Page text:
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0 28 November 2016

With all the conflicting reports about testosterone replacement, it is nearly impossible for the average person to sift through all the studies and opinions to make an informed decision. A consensus statement published in the prestigious Mayo Clinic Proceedings, Fundamental Concepts Regarding Testosterone Deficiency and Treatment: International Expert Consensus Resolutions, should help clarify the issues. Among the resolutions unanimously approved by the panel of experts were the following:

  • Testosterone (TD) deficiency is a well-established, clinically significant medical condition that negatively affects male sexuality, reproduction, general health, and quality of life.
  • The evidence does not support increased risks of cardiovascular events with T therapy.
  • The evidence does not support increased risk of prostate cancer with T therapy.
  • The evidence supports a major research initiative to explore possible benefits of T therapy for cardiometabolic disease, including diabetes.

The panel went on to state that no specific testosterone blood level

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0 20 May 2016

Adopting a healthy lifestyle could avert at least a quarter of cancers and half of cancer-related deaths, suggests a JAMA Oncology study. Researchers studied 28,000 healthcare professionals who met four healthy lifestyle criteria: never or past smoking, moderate or no alcohol consumption, BMI of 18.5-27.4, and regular physical activity. These participants were compared with over 100,000 participants who didn’t meet all four criteria.

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0 16 May 2016

  Read about the results of this important study between the supposed link between TRT and prostate cancer risk.  SAN DIEGO — Examination of a national health database failed to find a relationship between testosterone replacement therapy (TRT) and prostate cancer risk. In fact, over the long term, a reduction in the risk of aggressive prostate cancer was observed in men treated with TRT, similar to previous observations. The analysis uncovered a halving of the risk of aggressive prostate cancer with TRT when used for more than 1 year compared with controls. The findings were presented by Stacy Loeb, MD, from the New York University Langone Cancer Center, New York City, at the 2016 annual meeting of the American Urological Association. The study population consisted of 38,570 prostate cancer cases diagnosed between 2009 and 2012 from the National Prostate Cancer Register of Sweden. Serving as controls were 192,838 men matched on birth year and place of residence. These databases were linked to the Prescribed Drug Register of Sweden, which allowed the researchers to obtain information on the type, dose, and duration of TRT. Of the 38,570 prostate cancer cases, 284 had used testosterone at some point before their prostate cancer diagnosis. Of the men with prostate cancer, 59% had favorable disease and 38% had aggressive disease. Of the 192,838 con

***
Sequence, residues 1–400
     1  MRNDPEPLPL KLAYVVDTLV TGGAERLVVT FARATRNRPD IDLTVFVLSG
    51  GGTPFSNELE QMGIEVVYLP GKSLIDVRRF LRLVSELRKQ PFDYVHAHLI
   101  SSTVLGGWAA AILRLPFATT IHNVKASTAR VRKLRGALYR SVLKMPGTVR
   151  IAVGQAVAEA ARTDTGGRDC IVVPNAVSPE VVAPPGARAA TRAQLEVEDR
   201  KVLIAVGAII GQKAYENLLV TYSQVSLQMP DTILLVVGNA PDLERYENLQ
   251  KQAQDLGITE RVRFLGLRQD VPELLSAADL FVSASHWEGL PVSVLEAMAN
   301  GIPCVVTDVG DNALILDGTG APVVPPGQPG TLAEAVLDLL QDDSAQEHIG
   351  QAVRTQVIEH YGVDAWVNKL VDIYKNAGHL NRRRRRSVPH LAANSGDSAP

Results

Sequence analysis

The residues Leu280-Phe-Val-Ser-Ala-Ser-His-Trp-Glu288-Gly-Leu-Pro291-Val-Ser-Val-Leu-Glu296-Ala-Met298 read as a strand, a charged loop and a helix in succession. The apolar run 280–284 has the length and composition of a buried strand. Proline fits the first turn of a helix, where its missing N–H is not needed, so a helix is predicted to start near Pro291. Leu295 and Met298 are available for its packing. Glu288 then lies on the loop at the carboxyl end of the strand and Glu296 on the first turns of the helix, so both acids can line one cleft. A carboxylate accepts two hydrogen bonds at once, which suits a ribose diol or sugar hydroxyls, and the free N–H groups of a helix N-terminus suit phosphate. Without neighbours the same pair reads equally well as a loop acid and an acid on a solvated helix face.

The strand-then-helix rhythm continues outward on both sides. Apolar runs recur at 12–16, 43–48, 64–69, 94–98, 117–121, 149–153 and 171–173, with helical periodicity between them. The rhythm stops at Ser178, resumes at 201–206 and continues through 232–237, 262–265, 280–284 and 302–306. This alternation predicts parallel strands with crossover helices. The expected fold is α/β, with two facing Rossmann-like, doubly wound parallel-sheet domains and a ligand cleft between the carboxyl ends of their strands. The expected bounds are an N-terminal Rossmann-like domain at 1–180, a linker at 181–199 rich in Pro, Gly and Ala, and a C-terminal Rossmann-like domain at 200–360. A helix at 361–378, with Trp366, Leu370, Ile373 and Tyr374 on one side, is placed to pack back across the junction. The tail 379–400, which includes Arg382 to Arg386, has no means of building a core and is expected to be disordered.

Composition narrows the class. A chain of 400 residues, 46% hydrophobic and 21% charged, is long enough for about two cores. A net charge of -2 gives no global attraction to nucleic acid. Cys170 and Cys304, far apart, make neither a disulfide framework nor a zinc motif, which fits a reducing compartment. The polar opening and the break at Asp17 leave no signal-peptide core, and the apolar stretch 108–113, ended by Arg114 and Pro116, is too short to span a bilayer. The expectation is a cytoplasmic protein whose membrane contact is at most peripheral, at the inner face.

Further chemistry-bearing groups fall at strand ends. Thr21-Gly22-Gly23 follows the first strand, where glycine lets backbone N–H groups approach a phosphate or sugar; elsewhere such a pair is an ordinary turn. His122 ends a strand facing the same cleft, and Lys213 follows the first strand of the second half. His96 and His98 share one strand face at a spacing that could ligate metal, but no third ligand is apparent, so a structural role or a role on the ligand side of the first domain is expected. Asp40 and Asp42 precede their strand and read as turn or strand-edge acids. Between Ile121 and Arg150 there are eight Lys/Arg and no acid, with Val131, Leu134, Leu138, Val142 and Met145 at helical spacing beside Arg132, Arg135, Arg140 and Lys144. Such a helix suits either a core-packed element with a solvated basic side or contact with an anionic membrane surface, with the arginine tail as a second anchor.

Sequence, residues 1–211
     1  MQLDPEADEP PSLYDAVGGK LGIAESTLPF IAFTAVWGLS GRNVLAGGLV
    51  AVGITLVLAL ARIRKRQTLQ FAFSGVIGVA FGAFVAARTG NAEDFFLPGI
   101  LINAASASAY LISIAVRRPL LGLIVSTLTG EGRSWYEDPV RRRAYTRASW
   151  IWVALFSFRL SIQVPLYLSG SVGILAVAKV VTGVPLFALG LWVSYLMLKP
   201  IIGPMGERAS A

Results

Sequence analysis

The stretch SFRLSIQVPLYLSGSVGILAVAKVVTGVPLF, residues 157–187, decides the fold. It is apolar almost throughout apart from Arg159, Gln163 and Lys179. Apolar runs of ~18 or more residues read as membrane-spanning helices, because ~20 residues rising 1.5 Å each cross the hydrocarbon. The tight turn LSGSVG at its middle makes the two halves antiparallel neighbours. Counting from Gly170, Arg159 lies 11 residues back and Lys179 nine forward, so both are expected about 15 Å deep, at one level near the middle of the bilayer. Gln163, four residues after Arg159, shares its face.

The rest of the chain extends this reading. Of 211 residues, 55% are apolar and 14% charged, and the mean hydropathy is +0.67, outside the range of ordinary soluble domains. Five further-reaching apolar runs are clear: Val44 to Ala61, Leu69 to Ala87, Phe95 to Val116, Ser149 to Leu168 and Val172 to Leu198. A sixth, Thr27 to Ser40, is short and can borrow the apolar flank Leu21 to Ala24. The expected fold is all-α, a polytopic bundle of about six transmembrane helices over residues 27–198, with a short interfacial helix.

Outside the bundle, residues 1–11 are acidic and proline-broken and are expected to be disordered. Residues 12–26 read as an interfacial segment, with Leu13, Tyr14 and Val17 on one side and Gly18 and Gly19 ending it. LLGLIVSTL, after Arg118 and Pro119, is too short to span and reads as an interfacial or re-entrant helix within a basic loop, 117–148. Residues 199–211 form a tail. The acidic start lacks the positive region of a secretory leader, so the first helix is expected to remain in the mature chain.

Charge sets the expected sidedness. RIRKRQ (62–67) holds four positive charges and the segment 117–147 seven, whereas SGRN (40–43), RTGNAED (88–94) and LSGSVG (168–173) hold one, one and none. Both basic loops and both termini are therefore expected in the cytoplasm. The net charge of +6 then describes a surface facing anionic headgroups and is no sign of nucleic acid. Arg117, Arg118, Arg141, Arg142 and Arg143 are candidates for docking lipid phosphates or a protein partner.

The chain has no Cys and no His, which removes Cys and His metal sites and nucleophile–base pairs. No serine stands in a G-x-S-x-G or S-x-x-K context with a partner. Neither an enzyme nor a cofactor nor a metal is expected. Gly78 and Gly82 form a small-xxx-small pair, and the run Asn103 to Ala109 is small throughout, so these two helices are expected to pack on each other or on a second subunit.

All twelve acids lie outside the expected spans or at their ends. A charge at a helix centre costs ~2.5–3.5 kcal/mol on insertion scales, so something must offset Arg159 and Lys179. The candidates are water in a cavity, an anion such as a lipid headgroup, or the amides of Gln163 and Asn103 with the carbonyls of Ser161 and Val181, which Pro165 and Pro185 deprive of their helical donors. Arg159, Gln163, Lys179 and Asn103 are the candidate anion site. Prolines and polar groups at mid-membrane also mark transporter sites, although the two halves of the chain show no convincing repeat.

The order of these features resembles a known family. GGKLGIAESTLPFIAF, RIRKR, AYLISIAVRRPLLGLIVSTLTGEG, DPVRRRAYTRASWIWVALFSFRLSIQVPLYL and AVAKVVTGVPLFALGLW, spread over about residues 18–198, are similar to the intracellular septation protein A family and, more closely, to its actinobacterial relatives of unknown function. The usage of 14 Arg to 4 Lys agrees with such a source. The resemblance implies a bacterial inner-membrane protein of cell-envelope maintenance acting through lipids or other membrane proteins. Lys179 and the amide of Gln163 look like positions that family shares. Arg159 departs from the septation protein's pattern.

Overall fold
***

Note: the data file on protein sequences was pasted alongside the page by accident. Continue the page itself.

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0 27 April 2016

Large-scale dietary intake surveys from North America have shown that many vitamins and essential minerals are underconsumed by the general population relative to recommended levels. People with certain medical conditions such as diabetes, obesity, and inflammatory bowel disease are at increased risk for these and other micronutrient shortfalls. Older adults, persons in socioeconomically disadvantaged populations, and persons taking certain medications have increased or otherwise unique nutritional needs that require clinical consideration. Lifestyle choices and behaviors such as alcohol abuse and adherence to certain diets (eg, vegan, vegetarian, gluten-free) also can increase the risk for dietary gaps. Dietary supplementation might be necessary for some patients to ensure adequate intake of vitamins and minerals. A daily multivitamin along with dietary counseling is a practical and effective strategy to address dietary gaps in at-risk populations. Read the complete article here